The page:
Iran's Ahmadinejad feted by crowd in southern Lebanon
Iran's President Mahmoud Ahmadinejad has received a hero's welcome in southern Lebanon, close to the Israeli border.
Tens of thousands of people waved Iranian, Lebanese and Hezbollah flags as he spoke in a stadium in Bint Jbeil.
They cheered as he praised what he called Lebanon's resistance against Israel.
Mr Ahmadinejad has been on a two-day state visit described as provocative by Israel, the US and some Lebanese.
"You are a solid mountain. We are proud of you and will remain forever by your side," he told the crowd in Bint Jbeil, a Hezbollah bastion.
To thunderous applause he denounced the "Zionist regime" of Israel and said Israel would "disappear".
"The occupying Zionists today have no choice but to accept reality and go back to their countries of origin."
At the entrance to Bint Jbeil a giant banner read "welcome" in Farsi and Arabic.
Signs and billboards said: "The south welcomes the protector of the resistance."
Iran contributed heavily to the cost of rebuilding villages destroyed in the south during the 2006 war between Israel and Hezbollah.
The border area between Lebanon and Israel is rarely without tension. In August, two Lebanese soldiers, a Lebanese journalist and a senior Israeli army officer were killed in a clash sparked by the trimming of a tree on the Israeli side of the frontier.
Mr Ahmadinejad also visited Qana, the site of deadly Israeli air strikes in 1996 and 2006.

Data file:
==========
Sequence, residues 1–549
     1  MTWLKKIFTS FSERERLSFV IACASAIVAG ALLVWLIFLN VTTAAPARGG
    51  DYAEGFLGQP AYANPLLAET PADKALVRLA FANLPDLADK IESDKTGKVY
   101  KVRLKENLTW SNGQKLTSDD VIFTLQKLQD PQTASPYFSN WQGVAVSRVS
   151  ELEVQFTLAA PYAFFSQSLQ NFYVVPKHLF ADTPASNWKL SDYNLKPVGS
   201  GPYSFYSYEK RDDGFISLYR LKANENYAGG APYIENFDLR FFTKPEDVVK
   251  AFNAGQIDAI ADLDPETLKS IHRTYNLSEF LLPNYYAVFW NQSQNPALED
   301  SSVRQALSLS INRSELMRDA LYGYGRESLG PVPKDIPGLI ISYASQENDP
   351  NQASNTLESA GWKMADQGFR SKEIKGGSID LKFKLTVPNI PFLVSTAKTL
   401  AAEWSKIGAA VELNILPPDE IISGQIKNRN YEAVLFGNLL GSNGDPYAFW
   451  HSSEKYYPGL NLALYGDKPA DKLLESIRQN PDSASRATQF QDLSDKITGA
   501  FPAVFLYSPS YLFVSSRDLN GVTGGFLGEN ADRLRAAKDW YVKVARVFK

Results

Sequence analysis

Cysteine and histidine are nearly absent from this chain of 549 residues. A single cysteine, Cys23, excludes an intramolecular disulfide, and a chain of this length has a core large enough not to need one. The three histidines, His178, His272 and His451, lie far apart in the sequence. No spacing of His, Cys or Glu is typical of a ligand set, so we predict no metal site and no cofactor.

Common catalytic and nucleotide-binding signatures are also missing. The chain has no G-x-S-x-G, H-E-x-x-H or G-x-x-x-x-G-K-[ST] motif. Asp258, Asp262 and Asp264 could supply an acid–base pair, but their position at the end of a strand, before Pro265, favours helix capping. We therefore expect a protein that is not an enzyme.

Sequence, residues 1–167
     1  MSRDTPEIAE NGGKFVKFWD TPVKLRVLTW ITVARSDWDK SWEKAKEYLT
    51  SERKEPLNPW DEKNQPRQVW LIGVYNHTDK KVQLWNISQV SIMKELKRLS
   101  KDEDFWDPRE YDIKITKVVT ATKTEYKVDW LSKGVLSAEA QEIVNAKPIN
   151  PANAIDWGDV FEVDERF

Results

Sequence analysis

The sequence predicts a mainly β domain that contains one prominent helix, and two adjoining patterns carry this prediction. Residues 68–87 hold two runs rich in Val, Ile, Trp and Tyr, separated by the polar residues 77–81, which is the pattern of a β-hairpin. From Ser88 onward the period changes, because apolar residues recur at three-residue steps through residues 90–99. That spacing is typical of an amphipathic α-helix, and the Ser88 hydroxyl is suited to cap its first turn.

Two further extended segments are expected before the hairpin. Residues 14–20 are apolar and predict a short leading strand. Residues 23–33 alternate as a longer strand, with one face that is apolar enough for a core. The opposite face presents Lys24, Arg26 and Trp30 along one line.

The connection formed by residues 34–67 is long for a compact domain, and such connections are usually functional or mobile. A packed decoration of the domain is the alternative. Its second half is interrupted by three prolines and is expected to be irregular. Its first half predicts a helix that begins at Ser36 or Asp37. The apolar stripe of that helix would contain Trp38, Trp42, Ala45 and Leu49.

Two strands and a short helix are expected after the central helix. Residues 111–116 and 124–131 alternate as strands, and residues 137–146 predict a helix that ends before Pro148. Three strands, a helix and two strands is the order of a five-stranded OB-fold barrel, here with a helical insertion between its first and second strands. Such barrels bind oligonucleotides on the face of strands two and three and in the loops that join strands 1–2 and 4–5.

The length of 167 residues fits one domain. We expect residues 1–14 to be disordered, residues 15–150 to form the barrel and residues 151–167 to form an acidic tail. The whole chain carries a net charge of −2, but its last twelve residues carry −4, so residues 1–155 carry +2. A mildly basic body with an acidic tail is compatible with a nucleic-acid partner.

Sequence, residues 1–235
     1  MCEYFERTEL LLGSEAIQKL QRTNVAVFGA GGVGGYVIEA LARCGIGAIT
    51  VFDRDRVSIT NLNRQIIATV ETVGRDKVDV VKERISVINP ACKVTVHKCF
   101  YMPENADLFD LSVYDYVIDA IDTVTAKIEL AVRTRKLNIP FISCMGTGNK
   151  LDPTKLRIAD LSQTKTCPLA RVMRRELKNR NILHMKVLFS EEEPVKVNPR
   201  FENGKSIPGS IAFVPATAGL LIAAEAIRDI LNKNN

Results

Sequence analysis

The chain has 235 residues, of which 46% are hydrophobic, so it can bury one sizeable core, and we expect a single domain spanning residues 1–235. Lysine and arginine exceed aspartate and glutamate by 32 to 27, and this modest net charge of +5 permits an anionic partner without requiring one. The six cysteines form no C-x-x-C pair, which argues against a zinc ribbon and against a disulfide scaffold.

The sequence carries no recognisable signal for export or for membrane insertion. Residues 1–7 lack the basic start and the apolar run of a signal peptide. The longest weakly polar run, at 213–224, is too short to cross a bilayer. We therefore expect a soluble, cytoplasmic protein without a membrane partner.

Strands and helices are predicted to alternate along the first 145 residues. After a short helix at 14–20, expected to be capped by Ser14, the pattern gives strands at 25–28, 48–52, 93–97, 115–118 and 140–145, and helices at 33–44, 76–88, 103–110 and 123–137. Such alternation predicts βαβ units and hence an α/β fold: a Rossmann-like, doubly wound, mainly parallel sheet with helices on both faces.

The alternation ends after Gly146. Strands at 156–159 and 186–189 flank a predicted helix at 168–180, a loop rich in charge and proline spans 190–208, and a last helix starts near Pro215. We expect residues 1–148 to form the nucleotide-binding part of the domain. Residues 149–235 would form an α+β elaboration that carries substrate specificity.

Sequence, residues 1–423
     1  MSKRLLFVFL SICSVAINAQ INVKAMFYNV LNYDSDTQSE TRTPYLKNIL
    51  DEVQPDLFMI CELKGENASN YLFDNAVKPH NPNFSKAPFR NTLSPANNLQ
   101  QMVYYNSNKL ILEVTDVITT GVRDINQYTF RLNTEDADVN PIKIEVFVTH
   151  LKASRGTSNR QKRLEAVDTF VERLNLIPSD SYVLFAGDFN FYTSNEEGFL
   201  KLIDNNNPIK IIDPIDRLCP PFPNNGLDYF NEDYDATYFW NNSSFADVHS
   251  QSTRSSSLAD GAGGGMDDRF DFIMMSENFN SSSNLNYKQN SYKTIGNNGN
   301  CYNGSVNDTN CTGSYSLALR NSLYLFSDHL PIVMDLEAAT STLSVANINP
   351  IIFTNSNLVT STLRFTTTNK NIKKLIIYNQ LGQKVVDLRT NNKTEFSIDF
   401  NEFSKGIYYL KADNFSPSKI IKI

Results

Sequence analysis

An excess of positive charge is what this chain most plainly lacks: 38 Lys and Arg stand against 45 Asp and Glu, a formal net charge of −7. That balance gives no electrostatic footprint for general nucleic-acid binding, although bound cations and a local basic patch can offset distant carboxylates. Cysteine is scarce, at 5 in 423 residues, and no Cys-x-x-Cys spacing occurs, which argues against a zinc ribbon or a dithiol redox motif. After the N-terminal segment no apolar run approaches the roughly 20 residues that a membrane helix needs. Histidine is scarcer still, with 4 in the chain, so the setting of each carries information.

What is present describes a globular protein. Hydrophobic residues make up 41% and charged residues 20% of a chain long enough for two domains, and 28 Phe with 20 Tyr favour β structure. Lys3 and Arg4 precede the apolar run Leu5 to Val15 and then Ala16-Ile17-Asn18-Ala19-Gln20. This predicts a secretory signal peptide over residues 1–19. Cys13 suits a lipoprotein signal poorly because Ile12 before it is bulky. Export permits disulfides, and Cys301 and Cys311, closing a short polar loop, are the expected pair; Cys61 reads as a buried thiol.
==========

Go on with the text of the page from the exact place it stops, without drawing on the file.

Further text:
He visited graves of the victims and later laid a wreath at a memorial.
On Wednesday, Mr Ahmadinejad's motorcade had been showered with rice and flowers on its way from Beirut airport to the presidential palace.
Many Lebanese are alarmed at the visit, as Iran backs Hezbollah, the powerful Shia Islamist group whose war with Israel left 1,200 Lebanese and 160 Israelis dead.
Members of Lebanon's Western-backed parliamentary majority have called the visit a provocation, saying Mr Ahmadinejad was seeking to transform Lebanon into "an Iranian base on the Mediterranean".
Speaking during a visit to Kosovo, US Secretary of State Hillary Clinton said Washington rejected any efforts "to destabilise or inflame tensions" in Lebanon.
Israel's Defence Minister Ehud Barak said Ahmadinejad's visit showed how far Hezbollah had become dependent on Tehran, and Lebanon had "become a tool in the hands of other entities".
Israel accuses Iran of supplying Hezbollah with weapons, but officials close to the group stress instead the Islamic Republic's support for reconstruction.
They say they have spent about $1bn (£600m) of Iranian money on humanitarian aid and rebuilding since 2006.
"Ahmadinejad has done a lot for Lebanon," 18-year-old engineering student Fatima Mazeh told the Associated Press.
"He's not controlling Lebanon. Everyone has a mind and can think for himself. We are here to stand with him during the hardest times."
But elsewhere in the country, Hezbollah and its patron are viewed with suspicion by some.
"I am disgusted by this visit," Mona, a 23-year-old Christian, told the AFP news agency. "They refer to [Ahmadinejad] as a saviour, but all he has brought us is trouble."
The state visit also comes amid tension over a UN inquiry into the 2005 assassination of the former Lebanese Prime Minister Rafik Hariri.
The UN tribunal is believed to be close to issuing indictments, including ones naming members of Hezbollah. Prime Minister Saad Hariri is under pressure from Hezbollah and Syria to denounce the inquiry into his father's death.